Son of songwriter Lalo Guerrero (“the original Chicano”), Guerrero and his best buddy, Charles (later Carlos) Almaraz, grew up in East Los Angeles in the’ 50s. These were times when gringos said the word “Mexican” dismissively – or with a sneer. The response? “Some of us call ourselves Spanish – as if that’s a step up,” Guerrero notes.
Dan and Charles loved to perform, frequently putting on shows in the back yard. But an eighth grade field trip to the Egyptian Theater to see Oklahoma! is all it takes: Guerrero falls in love with musicals, buys original cast albums from the Columbia Record Club and tells Charles he wants to go to New York to make it big in musicals.
At 20, he goes to New York to follow his dream (his mother’s comment: “Mi hijo! They’ll kill you on the subway!”) and ends up successful, but never in musicals, returning to Los Angeles 20 years later.
Gaytino!, a combination of autobiography, song, dance, video and storytelling, is alternately funny, charming and poignant. Age may be an asset here – audience members of a certain age may laugh louder at lines like, “I became a disco slut in the ’70s” or to references about seeing Ethel Merman in Gypsy – but the rest will get the jokes, with or without the context.
Guerrero dwells less on the problems of being gay than I expected. Perhaps it didn’t seem as severe because his father was in show business and suspected the truth anyway (though when asked, Guerrero denied it until he was an adult).
Guerrero calls himself a “born-again Hispanic” rather than Chicano. “A Chicano is a Mexican-American who is not kidding,” he says, adding that Chicanos are the political and social activists of the community.
Whatever you call him, Guerrero is a most engaging performer, and Gaytino! is a riveting piece of social and personal history. Don’t miss it.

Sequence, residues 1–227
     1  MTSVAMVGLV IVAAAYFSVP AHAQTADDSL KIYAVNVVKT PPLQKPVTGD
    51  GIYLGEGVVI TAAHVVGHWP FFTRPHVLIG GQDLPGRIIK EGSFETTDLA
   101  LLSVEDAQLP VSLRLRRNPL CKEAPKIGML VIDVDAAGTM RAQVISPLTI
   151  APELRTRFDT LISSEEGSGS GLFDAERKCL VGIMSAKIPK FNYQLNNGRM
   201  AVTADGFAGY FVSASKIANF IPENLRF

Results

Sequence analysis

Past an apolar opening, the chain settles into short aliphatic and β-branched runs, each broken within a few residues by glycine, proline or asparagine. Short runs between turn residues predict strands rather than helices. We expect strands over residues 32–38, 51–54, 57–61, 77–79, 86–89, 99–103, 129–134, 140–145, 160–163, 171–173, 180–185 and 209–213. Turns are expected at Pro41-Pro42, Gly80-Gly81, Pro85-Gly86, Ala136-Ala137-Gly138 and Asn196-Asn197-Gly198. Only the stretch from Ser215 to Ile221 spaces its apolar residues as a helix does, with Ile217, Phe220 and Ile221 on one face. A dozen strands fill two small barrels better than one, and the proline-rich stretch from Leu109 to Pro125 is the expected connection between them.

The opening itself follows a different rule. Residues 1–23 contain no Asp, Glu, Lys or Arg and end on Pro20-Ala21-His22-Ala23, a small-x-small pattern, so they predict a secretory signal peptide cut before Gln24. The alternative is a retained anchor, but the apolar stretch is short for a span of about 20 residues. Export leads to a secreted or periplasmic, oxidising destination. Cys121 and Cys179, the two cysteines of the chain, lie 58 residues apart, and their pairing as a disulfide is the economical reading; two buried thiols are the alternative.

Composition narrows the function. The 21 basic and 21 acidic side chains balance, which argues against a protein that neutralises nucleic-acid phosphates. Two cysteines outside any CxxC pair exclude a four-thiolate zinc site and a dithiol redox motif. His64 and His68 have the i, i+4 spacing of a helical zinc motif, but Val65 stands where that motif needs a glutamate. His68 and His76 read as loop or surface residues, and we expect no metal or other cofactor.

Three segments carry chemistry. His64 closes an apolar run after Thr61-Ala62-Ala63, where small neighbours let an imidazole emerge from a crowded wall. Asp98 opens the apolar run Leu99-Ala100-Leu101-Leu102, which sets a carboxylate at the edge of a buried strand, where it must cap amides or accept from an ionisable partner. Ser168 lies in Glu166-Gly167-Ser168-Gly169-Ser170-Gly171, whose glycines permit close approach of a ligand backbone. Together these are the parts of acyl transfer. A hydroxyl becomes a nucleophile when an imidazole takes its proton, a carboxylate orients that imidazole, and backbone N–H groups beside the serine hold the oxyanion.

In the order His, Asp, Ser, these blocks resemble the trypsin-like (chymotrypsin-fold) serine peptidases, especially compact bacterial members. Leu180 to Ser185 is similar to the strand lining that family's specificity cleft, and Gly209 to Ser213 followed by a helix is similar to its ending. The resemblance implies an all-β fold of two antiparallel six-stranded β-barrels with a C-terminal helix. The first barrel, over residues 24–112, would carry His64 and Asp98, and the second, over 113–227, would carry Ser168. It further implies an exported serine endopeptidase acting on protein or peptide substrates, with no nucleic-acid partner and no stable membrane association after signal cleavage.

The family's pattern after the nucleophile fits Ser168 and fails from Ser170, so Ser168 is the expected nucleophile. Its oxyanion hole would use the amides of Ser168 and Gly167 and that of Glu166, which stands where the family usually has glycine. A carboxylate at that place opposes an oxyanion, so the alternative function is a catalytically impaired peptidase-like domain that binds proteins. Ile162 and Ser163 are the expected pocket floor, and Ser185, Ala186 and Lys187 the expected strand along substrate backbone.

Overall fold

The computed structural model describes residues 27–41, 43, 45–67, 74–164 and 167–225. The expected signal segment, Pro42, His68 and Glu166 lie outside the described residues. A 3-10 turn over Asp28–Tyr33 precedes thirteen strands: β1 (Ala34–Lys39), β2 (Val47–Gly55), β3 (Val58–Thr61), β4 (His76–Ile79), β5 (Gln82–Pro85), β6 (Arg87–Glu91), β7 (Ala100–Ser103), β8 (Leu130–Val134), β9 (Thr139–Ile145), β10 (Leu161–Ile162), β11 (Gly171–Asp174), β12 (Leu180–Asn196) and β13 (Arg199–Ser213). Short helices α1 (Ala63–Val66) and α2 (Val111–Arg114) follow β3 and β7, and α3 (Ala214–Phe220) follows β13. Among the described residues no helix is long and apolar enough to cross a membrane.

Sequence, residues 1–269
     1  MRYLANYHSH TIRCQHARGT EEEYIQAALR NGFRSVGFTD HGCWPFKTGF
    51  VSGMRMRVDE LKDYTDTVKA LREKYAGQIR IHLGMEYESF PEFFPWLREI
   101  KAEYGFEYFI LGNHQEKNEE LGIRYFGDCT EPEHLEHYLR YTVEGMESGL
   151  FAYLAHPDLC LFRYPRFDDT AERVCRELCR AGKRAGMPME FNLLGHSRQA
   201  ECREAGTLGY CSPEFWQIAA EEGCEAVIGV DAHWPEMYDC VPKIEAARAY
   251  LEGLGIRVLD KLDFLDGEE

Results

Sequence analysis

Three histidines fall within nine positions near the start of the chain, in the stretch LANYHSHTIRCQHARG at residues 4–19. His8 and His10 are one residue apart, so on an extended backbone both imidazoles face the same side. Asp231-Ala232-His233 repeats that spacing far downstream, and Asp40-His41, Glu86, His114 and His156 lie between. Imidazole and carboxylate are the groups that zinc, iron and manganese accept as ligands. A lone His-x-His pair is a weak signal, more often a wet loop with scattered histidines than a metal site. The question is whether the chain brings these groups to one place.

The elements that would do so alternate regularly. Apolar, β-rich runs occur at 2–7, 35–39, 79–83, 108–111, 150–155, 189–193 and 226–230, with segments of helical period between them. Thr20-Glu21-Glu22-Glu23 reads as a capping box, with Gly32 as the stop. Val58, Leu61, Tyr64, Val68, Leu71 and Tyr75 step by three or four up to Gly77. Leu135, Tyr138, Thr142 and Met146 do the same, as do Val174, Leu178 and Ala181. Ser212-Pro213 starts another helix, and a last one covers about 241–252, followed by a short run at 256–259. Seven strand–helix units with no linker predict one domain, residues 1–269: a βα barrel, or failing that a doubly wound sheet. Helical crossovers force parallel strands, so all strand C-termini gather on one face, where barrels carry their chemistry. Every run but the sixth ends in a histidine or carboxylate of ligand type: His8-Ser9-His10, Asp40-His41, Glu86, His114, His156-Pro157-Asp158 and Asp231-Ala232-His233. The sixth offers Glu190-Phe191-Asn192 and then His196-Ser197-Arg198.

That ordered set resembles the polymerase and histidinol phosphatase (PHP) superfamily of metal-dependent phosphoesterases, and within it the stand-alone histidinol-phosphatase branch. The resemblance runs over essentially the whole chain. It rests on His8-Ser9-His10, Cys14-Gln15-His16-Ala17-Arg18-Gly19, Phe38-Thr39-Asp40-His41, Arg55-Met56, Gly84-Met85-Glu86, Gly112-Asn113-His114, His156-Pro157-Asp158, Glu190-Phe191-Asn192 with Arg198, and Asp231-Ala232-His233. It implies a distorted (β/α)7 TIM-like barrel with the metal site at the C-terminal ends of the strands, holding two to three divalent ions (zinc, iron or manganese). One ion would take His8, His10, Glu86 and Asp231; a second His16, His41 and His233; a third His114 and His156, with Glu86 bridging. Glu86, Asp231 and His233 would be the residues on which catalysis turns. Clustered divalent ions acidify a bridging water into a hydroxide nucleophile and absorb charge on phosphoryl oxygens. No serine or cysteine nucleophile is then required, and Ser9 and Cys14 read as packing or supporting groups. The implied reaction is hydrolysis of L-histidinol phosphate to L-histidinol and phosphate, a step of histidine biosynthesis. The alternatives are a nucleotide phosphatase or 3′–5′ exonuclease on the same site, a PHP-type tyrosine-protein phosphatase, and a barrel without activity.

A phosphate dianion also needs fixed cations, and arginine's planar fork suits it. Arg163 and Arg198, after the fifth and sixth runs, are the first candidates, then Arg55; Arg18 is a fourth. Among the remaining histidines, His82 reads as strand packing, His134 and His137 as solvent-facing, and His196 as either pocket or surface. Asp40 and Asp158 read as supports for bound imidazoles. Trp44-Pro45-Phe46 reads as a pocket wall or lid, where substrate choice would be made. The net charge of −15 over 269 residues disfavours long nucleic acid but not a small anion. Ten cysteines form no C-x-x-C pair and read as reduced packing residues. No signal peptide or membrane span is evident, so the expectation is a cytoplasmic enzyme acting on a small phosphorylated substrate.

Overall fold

Gaytino! plays through Oct. 1 at Diversionary Theatre. Shows Thursday at 7:30 p.m., Friday and Saturday at 8:00 p.m. and Sunday at 2:00 and 7:00 p.m., as well as Monday, Sept. 18, at 7:30 p.m. For tickets, call (619) 220-0097 or visit www.diversionary.org.
San Diego Theatre Scene
Curtain Calls by Pat Launer
September 22, 2006
THE SHOW: Gaytino!, a solo self-identity show about the journey to becoming a happy Chicano theater queen
THE STORY/THE PLAYER: Dan Guerrero is the son of bandleader Lalo Guerrero, ‘the father of Chicano music,” but when he was growing up in East L.A., he hated what his father did; all he listened to was musical theater records (“My magic carpet of shiny black vinyl”). It took him decades to rediscover his roots, by way of New York — performing, producing, writing, coming out and coming back. That’s the basic story; Guerrero tells it amusingly and he tells it BIG, with many large, super-snap double takes, snippets of songs and occasional dance-moves. He bills himself as an ‘a singer/mover with lots of personality,’ but his moves – except for the sexy Latin ones – are less than Broadway-supple. Same with his voice. He’s charming, but it feels like he’s acting most of the time, not like he’s invited us in to tell us, directly and intimately, the story of his life, which in many ways, isn’t all that unique or exceptional. On the night I was there, only when he talked about the AIDS-death of his best friend, Chicano artist Carlos Almaraz, did he really seem present, totally engaged and inside his story. But in a narrative sense, that was also the most unsatisfying part of his tale, since he never says how Carlos, whom he represents as straight and married, contracted the deadly virus. Latino/Chicano stories (Guerrero does clarify the distinction) and especially gay Latino/Chicano stories, are rarely heard in the theater. You may not get deep insights, but you’ll hear one man’s life journey to self, pleasantly told.